By the way, in modern English when we want to say two people are meeting in person, we instead say they are meeting face-to-face.
Go the extra mile
The phrase to go the extra mile might sound like a bad thing - as if you have to do more work. But it’s actually a good thing!
When someone “goes the extra mile”, it means that he or she is working harder and doing more than people would normally be expected to.
For example, you might compliment someone at work by saying, “Wow, this presentation that you put together is really excellent. You really went the extra mile!”
This is a very common saying, but I think many people might not realize that they are referencing a passage from the Gospel of Matthew, in which Jesus says:
And whosoever shall compel thee to go a mile, go with him twain.
Now, you probably noticed right away that this is very old-fashioned, poetic English. It’s from the King James Bible translation that I mentioned before. Phrasing it in more modern English, you might say, “If someone forces you to go a mile, go a second mile, too.”
Put words in one’s mouth
In the second book of Samuel, there’s a story of deceit and lying. In the story, a nephew of David, the king of Israel, recruits a woman to help him influence the king. As part of that plan, he tells the woman exactly what to say to the king. He tells her exactly what words to use. In a sense, he puts words in her mouth.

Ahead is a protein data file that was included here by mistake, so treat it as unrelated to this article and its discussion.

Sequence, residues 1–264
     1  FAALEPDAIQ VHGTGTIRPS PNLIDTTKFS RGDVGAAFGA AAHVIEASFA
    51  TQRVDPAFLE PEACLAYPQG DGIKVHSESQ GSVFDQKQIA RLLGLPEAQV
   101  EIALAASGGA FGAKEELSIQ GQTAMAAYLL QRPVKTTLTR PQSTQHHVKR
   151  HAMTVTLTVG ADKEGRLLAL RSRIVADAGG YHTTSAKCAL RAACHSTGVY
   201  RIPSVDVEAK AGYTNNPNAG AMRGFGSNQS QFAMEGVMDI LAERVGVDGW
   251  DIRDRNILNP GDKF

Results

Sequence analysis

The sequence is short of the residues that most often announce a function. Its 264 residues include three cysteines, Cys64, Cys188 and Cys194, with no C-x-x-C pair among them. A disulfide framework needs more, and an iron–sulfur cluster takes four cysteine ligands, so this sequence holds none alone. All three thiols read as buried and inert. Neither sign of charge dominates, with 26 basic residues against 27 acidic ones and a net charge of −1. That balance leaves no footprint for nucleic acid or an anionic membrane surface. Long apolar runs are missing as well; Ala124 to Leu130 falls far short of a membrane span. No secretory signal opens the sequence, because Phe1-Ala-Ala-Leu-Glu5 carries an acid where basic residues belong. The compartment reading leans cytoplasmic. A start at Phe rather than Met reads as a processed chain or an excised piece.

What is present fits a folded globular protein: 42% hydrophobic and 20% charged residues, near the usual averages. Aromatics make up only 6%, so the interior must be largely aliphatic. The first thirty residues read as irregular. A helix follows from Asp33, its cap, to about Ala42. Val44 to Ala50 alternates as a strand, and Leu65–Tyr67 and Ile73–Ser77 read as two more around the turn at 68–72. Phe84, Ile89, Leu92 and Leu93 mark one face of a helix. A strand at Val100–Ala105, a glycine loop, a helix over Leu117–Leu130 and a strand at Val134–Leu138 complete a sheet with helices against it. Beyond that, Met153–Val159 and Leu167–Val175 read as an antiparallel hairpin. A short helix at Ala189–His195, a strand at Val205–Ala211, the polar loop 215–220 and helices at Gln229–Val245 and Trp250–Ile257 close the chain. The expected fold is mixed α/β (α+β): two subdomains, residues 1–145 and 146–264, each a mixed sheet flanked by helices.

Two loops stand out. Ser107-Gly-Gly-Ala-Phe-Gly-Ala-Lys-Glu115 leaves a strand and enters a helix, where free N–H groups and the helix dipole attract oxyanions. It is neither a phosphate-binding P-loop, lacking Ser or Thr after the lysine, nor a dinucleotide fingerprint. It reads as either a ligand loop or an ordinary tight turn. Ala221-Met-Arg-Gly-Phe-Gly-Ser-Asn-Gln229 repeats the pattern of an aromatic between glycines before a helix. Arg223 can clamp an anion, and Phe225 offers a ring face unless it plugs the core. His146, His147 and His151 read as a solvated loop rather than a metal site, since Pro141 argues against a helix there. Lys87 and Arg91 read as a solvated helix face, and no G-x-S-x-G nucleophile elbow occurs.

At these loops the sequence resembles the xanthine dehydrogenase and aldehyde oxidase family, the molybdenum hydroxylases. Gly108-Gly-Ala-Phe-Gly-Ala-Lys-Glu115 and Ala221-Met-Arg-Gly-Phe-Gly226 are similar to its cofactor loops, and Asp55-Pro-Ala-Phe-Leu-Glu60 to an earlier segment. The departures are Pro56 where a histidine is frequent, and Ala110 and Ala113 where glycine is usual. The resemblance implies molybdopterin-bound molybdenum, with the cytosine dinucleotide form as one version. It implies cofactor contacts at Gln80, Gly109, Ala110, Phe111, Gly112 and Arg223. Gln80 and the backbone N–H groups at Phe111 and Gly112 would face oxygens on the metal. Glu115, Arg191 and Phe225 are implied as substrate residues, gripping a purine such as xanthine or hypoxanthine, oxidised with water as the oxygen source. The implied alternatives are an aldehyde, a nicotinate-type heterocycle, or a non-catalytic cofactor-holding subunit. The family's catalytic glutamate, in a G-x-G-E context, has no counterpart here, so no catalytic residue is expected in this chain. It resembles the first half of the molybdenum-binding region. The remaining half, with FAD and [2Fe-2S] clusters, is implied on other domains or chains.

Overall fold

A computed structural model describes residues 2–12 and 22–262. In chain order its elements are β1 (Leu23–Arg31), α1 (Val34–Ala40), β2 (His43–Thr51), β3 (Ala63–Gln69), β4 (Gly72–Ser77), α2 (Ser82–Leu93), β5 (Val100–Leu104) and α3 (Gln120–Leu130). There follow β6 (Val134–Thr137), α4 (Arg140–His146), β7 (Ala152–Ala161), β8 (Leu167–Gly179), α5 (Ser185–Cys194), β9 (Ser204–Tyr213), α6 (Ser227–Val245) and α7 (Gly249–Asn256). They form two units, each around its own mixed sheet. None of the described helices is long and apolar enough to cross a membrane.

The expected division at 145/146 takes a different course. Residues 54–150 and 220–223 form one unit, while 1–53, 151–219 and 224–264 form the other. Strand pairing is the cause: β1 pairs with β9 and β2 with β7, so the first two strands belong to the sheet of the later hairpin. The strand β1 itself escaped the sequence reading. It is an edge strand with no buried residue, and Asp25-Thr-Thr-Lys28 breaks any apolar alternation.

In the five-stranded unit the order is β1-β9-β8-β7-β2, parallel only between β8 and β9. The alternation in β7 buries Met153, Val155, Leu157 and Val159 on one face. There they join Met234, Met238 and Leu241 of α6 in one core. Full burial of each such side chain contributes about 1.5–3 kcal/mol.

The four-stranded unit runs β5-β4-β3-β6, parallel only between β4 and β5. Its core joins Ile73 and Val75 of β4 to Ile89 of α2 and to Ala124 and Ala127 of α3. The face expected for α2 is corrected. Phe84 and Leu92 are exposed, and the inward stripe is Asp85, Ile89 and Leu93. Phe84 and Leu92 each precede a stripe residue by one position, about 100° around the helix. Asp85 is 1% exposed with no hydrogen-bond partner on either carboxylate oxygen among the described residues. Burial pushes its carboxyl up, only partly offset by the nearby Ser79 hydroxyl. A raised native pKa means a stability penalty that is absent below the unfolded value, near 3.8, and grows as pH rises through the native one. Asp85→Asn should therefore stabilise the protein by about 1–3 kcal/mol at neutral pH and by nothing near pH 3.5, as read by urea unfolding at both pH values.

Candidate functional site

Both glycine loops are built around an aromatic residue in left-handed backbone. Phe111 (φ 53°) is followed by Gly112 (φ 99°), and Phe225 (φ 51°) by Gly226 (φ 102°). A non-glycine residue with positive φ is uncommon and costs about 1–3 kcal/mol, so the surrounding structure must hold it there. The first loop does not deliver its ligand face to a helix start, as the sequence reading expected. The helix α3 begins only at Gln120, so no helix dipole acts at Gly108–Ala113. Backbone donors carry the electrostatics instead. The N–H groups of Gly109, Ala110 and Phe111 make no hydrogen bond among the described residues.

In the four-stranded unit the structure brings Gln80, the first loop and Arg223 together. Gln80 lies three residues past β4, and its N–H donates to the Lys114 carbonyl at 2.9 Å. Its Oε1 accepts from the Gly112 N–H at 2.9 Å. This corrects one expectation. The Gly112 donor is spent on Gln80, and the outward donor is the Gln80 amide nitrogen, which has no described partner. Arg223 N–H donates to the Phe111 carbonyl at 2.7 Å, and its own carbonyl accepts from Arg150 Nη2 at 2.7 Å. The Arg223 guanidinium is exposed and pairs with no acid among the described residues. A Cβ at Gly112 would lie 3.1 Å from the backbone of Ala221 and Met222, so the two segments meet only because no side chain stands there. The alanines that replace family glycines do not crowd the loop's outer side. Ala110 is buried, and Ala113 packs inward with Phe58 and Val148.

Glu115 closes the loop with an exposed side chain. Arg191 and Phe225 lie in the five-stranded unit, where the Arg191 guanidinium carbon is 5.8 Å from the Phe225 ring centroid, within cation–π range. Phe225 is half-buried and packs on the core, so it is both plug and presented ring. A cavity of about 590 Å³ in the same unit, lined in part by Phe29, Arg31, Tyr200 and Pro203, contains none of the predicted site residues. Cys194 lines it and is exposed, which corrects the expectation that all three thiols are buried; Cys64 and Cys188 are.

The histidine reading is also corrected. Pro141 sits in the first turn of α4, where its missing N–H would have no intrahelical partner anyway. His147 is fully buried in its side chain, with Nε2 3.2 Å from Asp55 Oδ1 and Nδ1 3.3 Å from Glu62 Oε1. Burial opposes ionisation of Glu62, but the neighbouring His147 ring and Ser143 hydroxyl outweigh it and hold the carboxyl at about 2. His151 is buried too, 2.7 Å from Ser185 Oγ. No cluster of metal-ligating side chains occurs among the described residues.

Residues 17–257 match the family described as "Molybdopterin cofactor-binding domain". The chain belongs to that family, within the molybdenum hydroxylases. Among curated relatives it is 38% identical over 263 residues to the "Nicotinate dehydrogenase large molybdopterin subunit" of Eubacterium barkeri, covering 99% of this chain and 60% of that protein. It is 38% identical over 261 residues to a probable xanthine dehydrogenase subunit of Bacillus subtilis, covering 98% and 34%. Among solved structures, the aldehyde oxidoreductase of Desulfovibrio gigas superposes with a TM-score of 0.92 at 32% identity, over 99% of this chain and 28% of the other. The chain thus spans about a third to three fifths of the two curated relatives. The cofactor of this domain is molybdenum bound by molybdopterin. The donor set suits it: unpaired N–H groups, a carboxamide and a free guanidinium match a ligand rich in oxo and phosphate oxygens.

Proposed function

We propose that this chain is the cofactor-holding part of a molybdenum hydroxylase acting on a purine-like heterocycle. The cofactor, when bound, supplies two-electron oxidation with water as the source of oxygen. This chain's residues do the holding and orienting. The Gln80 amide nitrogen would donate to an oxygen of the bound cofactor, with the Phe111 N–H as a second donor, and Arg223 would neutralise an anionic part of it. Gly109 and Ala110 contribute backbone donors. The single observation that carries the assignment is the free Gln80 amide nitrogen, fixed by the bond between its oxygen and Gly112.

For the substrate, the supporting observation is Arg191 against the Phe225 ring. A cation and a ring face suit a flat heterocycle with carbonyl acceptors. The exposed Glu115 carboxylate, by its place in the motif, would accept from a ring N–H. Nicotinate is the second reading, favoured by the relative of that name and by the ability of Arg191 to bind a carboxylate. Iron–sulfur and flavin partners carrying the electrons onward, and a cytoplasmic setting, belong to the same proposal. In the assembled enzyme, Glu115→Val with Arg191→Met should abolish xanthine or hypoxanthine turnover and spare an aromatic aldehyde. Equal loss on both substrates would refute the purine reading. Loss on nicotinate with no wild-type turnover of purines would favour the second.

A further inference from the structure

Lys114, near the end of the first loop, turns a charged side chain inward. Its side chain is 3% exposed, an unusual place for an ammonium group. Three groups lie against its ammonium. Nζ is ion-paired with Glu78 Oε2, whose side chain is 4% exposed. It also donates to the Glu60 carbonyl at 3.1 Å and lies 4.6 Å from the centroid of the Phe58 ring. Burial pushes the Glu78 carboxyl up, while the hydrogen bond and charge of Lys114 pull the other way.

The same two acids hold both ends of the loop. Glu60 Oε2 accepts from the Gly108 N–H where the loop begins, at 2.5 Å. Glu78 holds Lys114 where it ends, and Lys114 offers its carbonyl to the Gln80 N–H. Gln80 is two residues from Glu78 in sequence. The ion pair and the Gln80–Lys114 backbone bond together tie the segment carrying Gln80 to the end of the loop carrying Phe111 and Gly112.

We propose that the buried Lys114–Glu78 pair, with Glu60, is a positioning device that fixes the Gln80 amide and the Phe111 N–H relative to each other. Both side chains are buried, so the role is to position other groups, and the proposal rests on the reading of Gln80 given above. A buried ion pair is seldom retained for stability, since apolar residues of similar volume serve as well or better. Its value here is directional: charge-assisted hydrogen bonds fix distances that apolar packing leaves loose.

In modern English, this phrase has become a way to criticize someone that you think is being unfair to you. This phrase can be tricky to use. Let me give you a short example of a conversation:
Your spouse says to you, “Let’s go out to dinner tonight. Let’s go to my favorite restaurant.”
You respond, “No, let’s just eat at home instead.”
Your spouse responds, “You must really hate my favorite restaurant!”
You say, “What!? Of course not. I love that restaurant, too! Don’t put words in my mouth! I’m just tired tonight.”
In this example, the one person “put words in the mouth” of the other. The one person made it seem as if the other person was saying something that he or she wasn’t.
Drop in the bucket
I hope you’ve enjoyed these examples. There are many, many more. This is just a drop in the bucket, and I’ll cover more of them in future newsletters.
“Drop in the bucket”, by the way, comes from the Book of Isaiah again. (Isaiah is very quotable, it appears!) The original text reads:
Behold, the nations are as a drop of a bucket, and are counted as the small dust of the balance.
As you might be able to guess, if you describe something as a “drop in the bucket”, it is small and of little importance. It is just one drop of water in a giant bucket of water.
Want even more examples right now?
Are you interested in more examples? Please check out this page. It’s a very helpful resource. As I mentioned, I’ll cover more in the future, too.
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Mapping how words travel with global trade
I always like to give you a little something extra in the newsletter version of Winning English. Today, I have a graphic from a website I like a lot, Visual Capitalist. They produce a lot of interesting images, including the one below.
It’s very common for cultures to import words from other parts of the world. This is especially true for new products. See a few examples in the image and get a full explanation of this graphic here.